Lesson 4: Bring the transaction to life

It’s often difficult to provoke leaders and employees to fully consider how the M&A transaction will change working lives, the organisational culture and their ways of working. We found that creating and sharing detailed vignettes for individual roles post acquisition was a powerful way to bring the transaction to life.

"It’s often difficult to provoke leaders and employees to fully consider how the M&A transaction will change working lives."

When we highlighted in one of these vignettes that the Transition CEO would be using the BG CEO’s office after Day 1, there was a huge emotional response, which led to recognition about the future way that the BG business would be managed.

Lesson 5: Deliver closure for the business

We found that closure isn’t often considered in detail during M&As and we are now fully convinced that this is a critical part of the M&A cycle which needs to be developed and managed with as much care and attention as other M&A related communication. Ensuring that leaders and employees experience closure can deliver a workforce who are prepared for change and for new ownership.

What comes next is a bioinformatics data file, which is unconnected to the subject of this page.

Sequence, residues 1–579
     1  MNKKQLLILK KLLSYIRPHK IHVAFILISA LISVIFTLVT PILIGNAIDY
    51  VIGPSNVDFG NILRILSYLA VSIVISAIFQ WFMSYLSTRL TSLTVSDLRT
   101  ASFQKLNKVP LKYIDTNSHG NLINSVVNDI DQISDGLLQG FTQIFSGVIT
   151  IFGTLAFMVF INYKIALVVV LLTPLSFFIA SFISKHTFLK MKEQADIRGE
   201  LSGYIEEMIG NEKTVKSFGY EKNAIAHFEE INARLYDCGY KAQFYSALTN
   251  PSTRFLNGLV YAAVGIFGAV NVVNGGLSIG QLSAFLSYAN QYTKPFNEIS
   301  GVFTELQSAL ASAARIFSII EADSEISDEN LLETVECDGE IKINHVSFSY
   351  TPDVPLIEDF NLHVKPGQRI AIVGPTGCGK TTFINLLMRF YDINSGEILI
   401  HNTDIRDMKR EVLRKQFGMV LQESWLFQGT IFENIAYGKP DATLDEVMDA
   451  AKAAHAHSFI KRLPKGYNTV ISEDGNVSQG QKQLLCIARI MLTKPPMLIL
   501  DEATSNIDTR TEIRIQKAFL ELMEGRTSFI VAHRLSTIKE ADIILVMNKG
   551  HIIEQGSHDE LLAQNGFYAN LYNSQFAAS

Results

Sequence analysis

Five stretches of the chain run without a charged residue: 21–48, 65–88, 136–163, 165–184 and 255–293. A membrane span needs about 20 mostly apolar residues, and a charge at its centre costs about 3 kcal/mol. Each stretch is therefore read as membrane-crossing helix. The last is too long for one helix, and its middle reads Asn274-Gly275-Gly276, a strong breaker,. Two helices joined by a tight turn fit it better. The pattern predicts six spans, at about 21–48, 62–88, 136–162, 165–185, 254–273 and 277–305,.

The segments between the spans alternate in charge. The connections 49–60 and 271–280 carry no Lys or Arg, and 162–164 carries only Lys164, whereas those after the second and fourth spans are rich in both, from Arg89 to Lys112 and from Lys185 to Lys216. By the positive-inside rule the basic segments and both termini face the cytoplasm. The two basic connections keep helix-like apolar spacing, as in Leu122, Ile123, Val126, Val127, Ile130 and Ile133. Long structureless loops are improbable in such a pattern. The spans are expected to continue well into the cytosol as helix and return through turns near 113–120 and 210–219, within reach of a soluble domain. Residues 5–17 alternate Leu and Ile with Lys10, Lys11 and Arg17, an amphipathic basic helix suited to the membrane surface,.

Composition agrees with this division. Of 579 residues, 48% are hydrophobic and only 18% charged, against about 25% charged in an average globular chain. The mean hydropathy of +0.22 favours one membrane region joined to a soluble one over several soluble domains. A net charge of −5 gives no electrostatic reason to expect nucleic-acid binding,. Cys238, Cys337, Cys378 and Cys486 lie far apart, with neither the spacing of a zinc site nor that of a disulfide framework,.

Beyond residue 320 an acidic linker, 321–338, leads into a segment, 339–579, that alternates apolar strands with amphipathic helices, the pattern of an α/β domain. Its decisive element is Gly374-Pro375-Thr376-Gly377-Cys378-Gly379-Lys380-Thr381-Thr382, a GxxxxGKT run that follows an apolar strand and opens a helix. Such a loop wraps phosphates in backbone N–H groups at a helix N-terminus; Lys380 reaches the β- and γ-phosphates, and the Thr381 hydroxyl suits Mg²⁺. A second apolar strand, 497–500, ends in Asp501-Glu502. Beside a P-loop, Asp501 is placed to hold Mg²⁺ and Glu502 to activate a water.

At BG our communications in the final weeks of the transaction allowed everyone to reflect and recall both the good and the bad. Employees participated enthusiastically in charity sales of BG branded goods, received a global commemorative item, participated in videos, events and global celebrations, all designed to achieve this closure and readiness for Day 1 of the combined organisation.